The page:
Logical Theory and Semantic Analysis pp 129-146 | Cite as

# On Characterizing Elementary Logic

## Abstract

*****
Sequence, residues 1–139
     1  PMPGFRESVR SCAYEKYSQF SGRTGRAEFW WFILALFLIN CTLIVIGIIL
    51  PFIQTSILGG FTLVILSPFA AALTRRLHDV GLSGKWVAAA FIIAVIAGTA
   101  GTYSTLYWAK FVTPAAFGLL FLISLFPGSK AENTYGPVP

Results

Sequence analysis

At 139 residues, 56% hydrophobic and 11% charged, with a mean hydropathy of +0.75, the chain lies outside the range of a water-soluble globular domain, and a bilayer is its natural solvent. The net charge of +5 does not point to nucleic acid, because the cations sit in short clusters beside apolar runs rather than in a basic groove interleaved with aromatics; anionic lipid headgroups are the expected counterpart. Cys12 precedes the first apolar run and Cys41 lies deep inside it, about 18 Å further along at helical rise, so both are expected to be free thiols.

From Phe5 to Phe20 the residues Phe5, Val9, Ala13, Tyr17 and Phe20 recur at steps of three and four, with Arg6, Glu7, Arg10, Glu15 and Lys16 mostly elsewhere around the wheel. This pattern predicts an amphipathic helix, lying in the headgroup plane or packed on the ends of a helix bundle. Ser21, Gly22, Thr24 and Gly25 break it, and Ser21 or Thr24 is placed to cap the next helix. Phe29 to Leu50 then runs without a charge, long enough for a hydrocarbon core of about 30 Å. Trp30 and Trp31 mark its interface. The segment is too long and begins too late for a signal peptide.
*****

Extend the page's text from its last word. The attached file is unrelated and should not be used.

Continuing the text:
This is an expository paper. My aim is to explain in a way accessible to the non-specialist a number of results that amount to characterizations of elementary logic (*EL*), i.e. first order predicate logic with identity. The characterizations that I have in mind can be described as follows: First I define the very general concept abstract logic (*AL*). Then I define an inclusion relation ⊆ between *AL*s. Intuitively *L*⊆*L*′ means that everything that can be expressed in *L* can also be expressed in *L*′ although perhaps in a different way. For example, in *EL* it can be said of a binary relation that it is transitive. Thus if *EL*⊆*L*, this can also be expressed in *L*. (I assume, of course, that *EL* is an *AL*) *L* and *L*′ are equivalent, *L*≡*L*’ if *L*⊆*L*′ and *L*′⊆*L*. The next step consists in choosing a number of properties *P* _{1},…,*P* _{ n } of *AL*s such that *EL* has *P* _{1},…, *P* _{ n }. An example of an interesting property of this type is the following which may be called the Lowenheim property, since it means that the original Löwenheim theorem holds for *L*: If a sentence of *L* has a model, then it has a countable (finite or denumerable) model. Finally, a characterization of *EL* is a (true) statement of the form: If *L* is an *AL*, *EL*⊆*L*, and *L* has *P* _{1},…, *P* _{ n }, then *L*≡*EL*. Since all reasonable *AL*s contain *EL*, this may also be expressed by saying that *EL* is the strongest *AL* having *P* _{1},…, *P* _{ n }. Of course, one can also speak of characterizations of logics other than *EL* and there are, in fact, results of this type but they will not be discussed here.

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